Winter is the perfect time for a gardening project!

A winter garden can be incredibly beautiful. Citrus trees brimming with ripening fruit and large dew droplets forming on newly woven cobwebs are a few of my favourite things. Despite rainy days and cold temperatures winter gardening is a roll up the sleeves and get stuck into it sort of month. Grab the tools, gloves, and wheelbarrow and start a weekend project.

Select one of our garden design tips to get you started in the garden.

Ten simple design tips to make your garden POP 

  • Select plants that look good at different times of the year. Focus on flowers through winter to brighten up the dull days and select soft cooling colours for summer. Define areas in autumn by using deciduous colour to your advantage.
  • Our eye is drawn to the weeds rather than the flowers. Control weeds while small to avoid future seeding. Use mulch to your advantage to control weeds and create interest. Select mulch for different colours and textures to highlight areas of the garden.
  • Group plants around a theme. This could be similar flowering colour or planted into pots of similar shades. When planting, water in with Seasol to reduce transplant shock and aid transplant.
  • The addition of garden art will add interest to a garden even if there are no plants around. This design feature is used widely in gardens which endure extreme summer conditions and a lack of water.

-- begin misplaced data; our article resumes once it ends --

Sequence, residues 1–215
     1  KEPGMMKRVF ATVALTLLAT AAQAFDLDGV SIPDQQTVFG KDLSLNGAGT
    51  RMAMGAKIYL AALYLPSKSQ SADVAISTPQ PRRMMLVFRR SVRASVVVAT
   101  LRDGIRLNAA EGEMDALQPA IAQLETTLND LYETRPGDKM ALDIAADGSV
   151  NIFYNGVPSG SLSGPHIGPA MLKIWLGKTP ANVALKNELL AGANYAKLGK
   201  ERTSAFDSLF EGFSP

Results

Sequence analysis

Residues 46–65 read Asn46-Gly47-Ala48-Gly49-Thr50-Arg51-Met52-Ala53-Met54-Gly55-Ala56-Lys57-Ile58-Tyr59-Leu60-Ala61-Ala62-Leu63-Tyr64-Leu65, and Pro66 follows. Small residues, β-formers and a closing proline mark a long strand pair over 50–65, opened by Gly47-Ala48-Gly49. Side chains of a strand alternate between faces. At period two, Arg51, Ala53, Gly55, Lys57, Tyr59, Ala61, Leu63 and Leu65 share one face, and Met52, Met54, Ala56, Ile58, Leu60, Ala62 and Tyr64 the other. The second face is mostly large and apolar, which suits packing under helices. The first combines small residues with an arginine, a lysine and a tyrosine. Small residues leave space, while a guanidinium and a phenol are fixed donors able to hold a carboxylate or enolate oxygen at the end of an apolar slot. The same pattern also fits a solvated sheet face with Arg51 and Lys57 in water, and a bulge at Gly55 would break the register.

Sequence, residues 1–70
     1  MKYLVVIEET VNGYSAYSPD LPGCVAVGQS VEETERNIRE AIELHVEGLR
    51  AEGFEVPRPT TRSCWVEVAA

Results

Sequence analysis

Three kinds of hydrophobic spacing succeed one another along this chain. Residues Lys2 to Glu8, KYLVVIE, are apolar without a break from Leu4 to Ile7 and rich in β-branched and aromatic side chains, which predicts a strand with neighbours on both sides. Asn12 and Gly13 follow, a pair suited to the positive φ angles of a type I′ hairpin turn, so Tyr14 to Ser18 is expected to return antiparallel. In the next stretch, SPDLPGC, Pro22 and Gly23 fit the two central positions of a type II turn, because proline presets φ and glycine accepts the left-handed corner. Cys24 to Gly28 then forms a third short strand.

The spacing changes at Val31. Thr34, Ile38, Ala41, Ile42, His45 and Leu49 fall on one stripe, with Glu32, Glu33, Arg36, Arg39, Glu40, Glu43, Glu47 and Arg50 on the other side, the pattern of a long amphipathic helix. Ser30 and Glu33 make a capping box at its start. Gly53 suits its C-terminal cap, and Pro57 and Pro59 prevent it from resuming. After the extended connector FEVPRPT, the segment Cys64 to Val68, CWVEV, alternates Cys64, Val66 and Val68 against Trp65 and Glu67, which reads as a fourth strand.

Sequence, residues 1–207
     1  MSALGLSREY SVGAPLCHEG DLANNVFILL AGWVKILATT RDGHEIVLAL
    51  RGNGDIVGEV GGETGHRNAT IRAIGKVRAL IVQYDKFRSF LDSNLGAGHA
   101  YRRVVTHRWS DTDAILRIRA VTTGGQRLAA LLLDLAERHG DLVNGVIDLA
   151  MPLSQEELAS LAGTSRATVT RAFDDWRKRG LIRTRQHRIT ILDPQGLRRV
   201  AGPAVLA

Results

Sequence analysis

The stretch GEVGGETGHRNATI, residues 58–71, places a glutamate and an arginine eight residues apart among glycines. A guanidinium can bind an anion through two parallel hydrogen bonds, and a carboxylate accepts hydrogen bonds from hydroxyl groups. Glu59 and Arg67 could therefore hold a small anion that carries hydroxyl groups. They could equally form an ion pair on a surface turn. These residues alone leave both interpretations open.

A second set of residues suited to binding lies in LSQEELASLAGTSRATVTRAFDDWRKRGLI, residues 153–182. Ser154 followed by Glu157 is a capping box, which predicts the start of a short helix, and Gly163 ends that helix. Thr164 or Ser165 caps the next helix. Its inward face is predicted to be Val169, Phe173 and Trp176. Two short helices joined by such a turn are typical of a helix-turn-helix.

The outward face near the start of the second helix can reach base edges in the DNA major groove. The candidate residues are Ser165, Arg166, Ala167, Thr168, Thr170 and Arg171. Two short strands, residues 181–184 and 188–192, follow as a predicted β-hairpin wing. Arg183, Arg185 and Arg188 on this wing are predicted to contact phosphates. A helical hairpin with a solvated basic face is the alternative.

Ten simple design tips to make your garden pop cont:

  • Select multiuse plants that are both edible and are good ornamental plants. Liquid feed with PowerFeed All Purpose including Natives during the growing season.
  • Repeat same varieties of plants at multiple locations to give the garden a sense of continuity.
  • Choose feature plants, trees, or shrubs at focal points. Focal points are the areas where your eye is drawn to when you look at the garden. To test whether an area is a focal point, place a non-descript plant or pot in the area. Is your eye immediately drawn to the area or does it skip over the placed plant to a different position? Move it around until your eye is immediately drawn to it.
  • Avoid clutter in a garden. Try to be disciplined and restrain the eclectic collection by sticking to a theme.
  • Use variegated foliage plants to your advantage.

Gorgeous Groundcovers

Ground covering plants are the underrated heroes of the plant world and provide many ornamental and environmental benefits for the garden. Plants are broadly classified as a groundcover if they spread wider than they do high.

While there is moisture in the soil and holes can be dug easily, prepare the soil by applying well-rotted manure or compost or for a no-dig option, apply Seasol Liquid Compost. Planting a few ground covering plants will save work in the garden in future years as they serve many purposes that aren’t often thought about:

  • Groundcovers are one of the best weed controls methods you can employ. By blocking the light to the soil surface annual weeds can’t germinate easily. Seeds require light and moisture to germinate, and groundcovers block out most of the light.

Benefits of Gorgeous Groundcovers

  • A thick matt forming plant is a force to be reckoned and will prevent the creeping of perennial weeds to a garden area.